Guide to Mountain Biking Callahan State Park

Photo: NewtonCourt

Find top-notch trails for all levels of riders just a stone’s throw from Framingham.

Within striking range of Boston but far enough out to deter the crowds, Callahan State Park is a Massachusetts backyard gem laced with gorgeous singletrack. Part of the ancestral homeland of the Massachuset, Pawtucket, and Nipmuc peoples, the land is now covered with a mix of hardwood forest and open meadows. The whole area features about 820 acres and nearly 10 miles of trails, making it the perfect size for a quick lap after work. 

Recommended Rides 

Thanks to Callahan’s vast number of interwoven trails and connectors, you’ll be able to concoct an infinite number of routes as soon as you get to know the place. Until then, try these three options. 

Easy Loop

This 2-mile loop follows the wide fire roads that encircle the southern half of the park. It’s a great option if you’re new to mountain biking or looking for a straightforward family ride. To do it, start from the Edmands Road trailhead. Head south on the Pioneer Trail. At your second intersection, take a slight right to gain the Rocky Road trail. After a little less than a mile, Rocky Road will cross Moore Road. Take a left here and go east until you hit the Service Road. Turn left to trace the Service Road to the Pipeline Trail back to your car. 

Beebe-Bearpaw Loop

This 3-mile, intermediate loop makes a great intro to the area. Starting at the northernmost parking lot, take the Backpacker Trail going northeast. It will eventually curve east, then south. Keep going south until you reach the western edge of Beebe Pond. Here, hop on the Pine Tree Loop trail. Enjoy a scenic lap around the water before taking the connector trail back to Backpacker. Follow Backpacker back to your car.

Callahan Tour

This 9.4-mile loop covers the bulk of Callahan’s intermediate- and expert-level terrain, making it a worthy day out for the particularly psyched. The few hills are short but steep, offering a combined 775 feet of vertical gain over the course of the ride. Start from the park’s southernmost trailhead. From here, connect the Pinecone, Hawk, and Rocky Road trails to gain the Red Tail Trail, which crosses Edmands Road to connect the southern and northern halves of the park. Follow Red Tail north to connect the Bearpaw, Backpacker, and Acorn trails in a big figure-eight before looping back south.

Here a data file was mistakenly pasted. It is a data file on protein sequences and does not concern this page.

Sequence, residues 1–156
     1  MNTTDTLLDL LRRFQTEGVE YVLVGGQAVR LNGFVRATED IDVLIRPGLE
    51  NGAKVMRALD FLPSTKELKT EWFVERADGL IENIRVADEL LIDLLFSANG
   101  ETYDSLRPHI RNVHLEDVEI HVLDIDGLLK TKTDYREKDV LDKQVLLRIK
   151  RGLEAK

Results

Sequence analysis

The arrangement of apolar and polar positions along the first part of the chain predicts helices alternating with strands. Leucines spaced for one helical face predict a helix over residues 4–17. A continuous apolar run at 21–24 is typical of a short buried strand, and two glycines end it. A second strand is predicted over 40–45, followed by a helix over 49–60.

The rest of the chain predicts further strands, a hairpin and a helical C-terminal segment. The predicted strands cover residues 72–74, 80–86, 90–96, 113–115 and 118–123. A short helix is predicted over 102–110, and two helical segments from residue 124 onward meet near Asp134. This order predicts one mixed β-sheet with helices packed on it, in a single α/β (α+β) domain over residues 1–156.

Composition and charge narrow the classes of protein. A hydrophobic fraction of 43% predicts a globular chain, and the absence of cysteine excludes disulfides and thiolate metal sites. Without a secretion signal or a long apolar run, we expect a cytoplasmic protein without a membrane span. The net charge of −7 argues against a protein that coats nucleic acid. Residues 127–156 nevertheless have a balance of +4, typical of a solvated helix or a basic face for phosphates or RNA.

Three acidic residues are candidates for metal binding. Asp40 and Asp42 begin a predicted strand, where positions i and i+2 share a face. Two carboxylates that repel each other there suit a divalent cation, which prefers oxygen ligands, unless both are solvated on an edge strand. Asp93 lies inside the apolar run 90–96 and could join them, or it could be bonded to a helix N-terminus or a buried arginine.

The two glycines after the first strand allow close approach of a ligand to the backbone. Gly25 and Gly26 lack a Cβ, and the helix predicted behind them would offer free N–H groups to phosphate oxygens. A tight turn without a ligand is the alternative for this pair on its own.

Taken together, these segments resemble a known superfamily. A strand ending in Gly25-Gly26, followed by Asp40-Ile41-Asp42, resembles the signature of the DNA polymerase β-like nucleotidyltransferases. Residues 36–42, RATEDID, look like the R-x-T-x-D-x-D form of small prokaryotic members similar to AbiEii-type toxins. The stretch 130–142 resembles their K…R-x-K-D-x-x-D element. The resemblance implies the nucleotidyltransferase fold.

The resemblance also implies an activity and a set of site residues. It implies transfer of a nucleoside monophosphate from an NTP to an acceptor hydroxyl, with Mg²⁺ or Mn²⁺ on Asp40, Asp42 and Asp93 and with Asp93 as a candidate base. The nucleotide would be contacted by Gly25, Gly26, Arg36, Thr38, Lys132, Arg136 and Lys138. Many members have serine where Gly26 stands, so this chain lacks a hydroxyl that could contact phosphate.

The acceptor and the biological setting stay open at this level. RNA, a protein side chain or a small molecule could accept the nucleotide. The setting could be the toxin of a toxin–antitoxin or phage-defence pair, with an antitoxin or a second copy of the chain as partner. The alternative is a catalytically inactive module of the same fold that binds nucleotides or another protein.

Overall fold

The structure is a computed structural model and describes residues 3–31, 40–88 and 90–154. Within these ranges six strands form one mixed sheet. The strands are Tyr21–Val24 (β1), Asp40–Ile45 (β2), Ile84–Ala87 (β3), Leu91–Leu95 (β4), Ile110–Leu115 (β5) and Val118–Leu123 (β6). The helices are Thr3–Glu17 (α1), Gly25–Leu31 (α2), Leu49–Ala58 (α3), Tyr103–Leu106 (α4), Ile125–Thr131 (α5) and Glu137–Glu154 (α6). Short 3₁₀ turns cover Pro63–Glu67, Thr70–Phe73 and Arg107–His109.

Getting There

Callahan State Park is just a 15-minute drive northwest from Framingham. There are three trailheads, but the one off of Edmands Road is the most centrally located. 

To get there from downtown Framingham, take Union Ave/Main Street/Edgell Road north. On the other side of Interstate 90, swing left onto Vernon Street, then an immediate right onto Grove Street. After 2.9 miles, Grove turns into Edmands Road. In less than a mile, you’ll see the parking area on your left. 

Red Tape 

Parking is free, and you don’t currently need a permit to enter Callahan State Park. However, riders should be aware that many of these trails are multi-use. Be mindful of dogs, hikers, and runners, and always yield to equestrians. 

Local Tip 

If you visit on a weekend, stop by Eastleigh Farm to cool down after your ride. The farm serves homemade ice cream fresh from its own cows, and hosts farmers’ markets every Sunday.  

More Info

For other route suggestions and maps, visit the New England Mountain Bike Association website:

All articles are for general informational purposes.  Each individual’s needs, preferences, goals and abilities may vary.  Be sure to obtain all appropriate training, expert supervision and/or medical advice before engaging in strenuous or potentially hazardous activity.